Statistics South Africa’s updated estimates of gross domestic product (GDP) show that South Africa has moved up one notch on the global economic scale.
SOUTH Africa has moved up one notch on the global scale to become the 36th largest economy in the world.
That’s according to Statistics South Africa’s updated estimates of gross domestic product (GDP) released last month, which shows where the South African economy fits on the global scale.
The rebased GDP figure in USD (using like for like conversion) is $335.2 billion, making South Africa the 36th largest economy in the world, up from 37th ($301 billion).
The rebased report is in line with international best practices to periodically review and update the estimates of the size, structure and performance of the economy.
The new base year for the national accounts is 2015. In layman’s terms, real GDP is now measured at constant 2015 prices instead of 2010 prices.
Therefore, the revised estimate of GDP in 2020 now stands at R5.521 billion. This is an increase of 11% compared with the previous estimate of R4.973 billion – an addition of R548 billion in estimated output.
The United States’ economy is currently the largest in the world as measured by nominal GDP.
China has the world’s second-largest nominal GDP in current dollars and the largest in terms of purchasing power parity (PPP).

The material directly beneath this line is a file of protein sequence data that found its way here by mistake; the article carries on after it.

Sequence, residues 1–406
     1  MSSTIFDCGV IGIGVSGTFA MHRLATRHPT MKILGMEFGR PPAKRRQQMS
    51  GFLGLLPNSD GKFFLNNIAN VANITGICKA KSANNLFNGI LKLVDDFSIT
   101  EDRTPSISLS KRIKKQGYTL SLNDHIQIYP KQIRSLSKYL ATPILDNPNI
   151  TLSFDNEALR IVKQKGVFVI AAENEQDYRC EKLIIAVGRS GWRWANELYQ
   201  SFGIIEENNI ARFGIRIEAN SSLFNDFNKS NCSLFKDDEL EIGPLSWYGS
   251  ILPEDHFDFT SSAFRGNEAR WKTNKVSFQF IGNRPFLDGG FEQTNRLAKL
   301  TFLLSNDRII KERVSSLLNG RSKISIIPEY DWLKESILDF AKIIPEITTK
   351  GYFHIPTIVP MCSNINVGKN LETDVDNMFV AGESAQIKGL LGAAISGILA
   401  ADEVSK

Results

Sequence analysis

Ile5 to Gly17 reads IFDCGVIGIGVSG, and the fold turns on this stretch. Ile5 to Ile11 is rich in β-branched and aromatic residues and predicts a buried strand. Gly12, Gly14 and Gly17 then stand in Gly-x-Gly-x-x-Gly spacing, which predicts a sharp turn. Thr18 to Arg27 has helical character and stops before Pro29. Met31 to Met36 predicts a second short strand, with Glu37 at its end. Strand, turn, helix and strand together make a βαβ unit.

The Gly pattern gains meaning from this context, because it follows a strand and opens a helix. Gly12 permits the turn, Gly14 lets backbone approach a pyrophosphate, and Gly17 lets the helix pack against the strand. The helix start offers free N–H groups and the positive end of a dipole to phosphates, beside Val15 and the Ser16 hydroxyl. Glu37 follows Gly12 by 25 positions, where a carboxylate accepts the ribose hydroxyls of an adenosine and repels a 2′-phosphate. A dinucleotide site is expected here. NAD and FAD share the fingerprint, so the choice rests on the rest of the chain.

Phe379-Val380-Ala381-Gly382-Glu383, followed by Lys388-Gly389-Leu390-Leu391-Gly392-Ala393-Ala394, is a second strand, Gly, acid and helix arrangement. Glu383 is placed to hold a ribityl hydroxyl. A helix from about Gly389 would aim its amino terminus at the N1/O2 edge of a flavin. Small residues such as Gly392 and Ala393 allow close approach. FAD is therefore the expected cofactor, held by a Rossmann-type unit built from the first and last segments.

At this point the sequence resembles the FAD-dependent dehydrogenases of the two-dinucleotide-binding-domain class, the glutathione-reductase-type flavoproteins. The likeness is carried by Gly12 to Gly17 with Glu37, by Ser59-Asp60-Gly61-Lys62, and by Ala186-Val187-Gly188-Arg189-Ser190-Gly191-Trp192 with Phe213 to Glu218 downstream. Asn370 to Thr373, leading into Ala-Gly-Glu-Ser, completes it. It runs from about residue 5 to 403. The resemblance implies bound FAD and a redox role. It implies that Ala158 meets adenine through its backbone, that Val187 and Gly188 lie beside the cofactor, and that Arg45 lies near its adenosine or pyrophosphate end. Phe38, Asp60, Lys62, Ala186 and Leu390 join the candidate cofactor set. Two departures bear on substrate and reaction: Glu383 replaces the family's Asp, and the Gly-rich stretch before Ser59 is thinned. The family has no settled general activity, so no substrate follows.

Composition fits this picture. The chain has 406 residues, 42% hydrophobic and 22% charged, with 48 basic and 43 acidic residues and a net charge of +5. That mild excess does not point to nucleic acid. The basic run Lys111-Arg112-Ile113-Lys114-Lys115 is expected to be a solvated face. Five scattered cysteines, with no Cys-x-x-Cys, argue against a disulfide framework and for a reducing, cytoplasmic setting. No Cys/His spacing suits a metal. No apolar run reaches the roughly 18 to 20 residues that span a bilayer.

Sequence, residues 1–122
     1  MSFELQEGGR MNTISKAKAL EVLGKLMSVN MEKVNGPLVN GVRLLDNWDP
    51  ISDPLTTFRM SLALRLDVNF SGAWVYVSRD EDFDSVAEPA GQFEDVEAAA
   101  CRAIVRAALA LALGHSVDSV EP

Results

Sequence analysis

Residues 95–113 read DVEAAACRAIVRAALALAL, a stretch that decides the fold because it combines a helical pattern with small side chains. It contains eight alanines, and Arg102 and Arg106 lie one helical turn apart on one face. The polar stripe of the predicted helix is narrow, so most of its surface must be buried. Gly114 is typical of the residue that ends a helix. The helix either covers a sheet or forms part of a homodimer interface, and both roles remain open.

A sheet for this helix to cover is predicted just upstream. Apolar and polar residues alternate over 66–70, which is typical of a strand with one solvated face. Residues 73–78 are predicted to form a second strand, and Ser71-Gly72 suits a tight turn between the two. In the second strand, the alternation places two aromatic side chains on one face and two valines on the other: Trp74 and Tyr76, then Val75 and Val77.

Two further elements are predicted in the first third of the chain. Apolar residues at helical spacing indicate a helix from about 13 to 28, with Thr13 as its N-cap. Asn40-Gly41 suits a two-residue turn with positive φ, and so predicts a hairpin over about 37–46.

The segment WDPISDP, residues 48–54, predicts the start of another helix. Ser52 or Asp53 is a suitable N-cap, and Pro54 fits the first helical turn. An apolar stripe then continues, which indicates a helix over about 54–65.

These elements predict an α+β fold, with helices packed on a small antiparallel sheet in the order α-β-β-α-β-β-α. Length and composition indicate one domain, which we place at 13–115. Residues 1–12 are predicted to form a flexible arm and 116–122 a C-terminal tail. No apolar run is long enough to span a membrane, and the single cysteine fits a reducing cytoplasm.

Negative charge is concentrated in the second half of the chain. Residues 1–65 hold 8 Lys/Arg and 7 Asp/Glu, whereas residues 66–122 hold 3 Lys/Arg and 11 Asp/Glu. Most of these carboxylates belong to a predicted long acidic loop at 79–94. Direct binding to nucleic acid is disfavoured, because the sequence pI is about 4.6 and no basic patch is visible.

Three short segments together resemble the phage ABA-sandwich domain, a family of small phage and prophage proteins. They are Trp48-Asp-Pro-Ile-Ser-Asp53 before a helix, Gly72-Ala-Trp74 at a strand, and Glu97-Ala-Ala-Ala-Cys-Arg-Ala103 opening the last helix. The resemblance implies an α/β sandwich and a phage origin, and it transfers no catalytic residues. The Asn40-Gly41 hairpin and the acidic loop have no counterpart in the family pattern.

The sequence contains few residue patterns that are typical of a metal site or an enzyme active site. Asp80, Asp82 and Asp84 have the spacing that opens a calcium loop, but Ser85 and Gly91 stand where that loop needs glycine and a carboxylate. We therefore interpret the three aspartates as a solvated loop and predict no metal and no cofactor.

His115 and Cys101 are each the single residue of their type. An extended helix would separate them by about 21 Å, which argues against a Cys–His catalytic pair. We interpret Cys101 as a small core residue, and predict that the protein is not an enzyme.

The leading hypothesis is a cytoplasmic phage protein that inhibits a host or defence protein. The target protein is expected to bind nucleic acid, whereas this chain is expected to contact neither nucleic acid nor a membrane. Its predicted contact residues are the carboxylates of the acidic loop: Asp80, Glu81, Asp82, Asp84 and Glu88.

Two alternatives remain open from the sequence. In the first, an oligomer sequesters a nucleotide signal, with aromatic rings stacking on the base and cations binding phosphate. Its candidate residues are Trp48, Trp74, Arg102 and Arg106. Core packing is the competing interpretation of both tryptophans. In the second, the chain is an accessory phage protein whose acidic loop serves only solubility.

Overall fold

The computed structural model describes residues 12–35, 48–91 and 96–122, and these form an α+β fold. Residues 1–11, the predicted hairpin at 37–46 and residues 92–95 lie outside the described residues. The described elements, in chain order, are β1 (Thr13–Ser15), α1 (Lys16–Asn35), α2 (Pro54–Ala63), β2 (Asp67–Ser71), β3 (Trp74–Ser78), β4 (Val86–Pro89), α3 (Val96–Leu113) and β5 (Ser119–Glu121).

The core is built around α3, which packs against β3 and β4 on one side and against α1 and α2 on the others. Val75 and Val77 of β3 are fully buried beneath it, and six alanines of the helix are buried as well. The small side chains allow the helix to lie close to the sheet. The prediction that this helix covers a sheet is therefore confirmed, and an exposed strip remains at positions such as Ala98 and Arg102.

Japan is the third-largest economy in the world with its GDP crossed the $5 trillion mark in 2019.
Coming in fourth place among world economies, Germany had a 2019 GDP of $3.86 trillion, making it Europe’s largest economy.
The United Kingdom has the fifth-largest economy in the world. It had a GDP of $2.83 trillion in 2019, up 1.4% from the prior year.1 The UK economy is driven by its large service sector, finance, insurance, and business services.
Breaking down SA’s economy
The largest changes occurred in finance, real estate and business services (up 26%); general government services (down 45% lower); and personal services (206% higher).
The revised GDP at current prices shows that the economy is 11% larger in 2020 than previously estimated. In the 10 years between 2011 and 2020, the percentage difference between the previous and revised levels averaged 9.6%, and ranged between 8.6% in 2014 and 11% in 2020.
Note that a raw conversion of South African rands to dollars doesn’t tell the full story of economic value. There are a number of factors that affect the economic value. Some countries carry a much lower cost of living or certain currencies have more buying power compared to major currencies like the dollar or euro.
– BUSINESS REPORT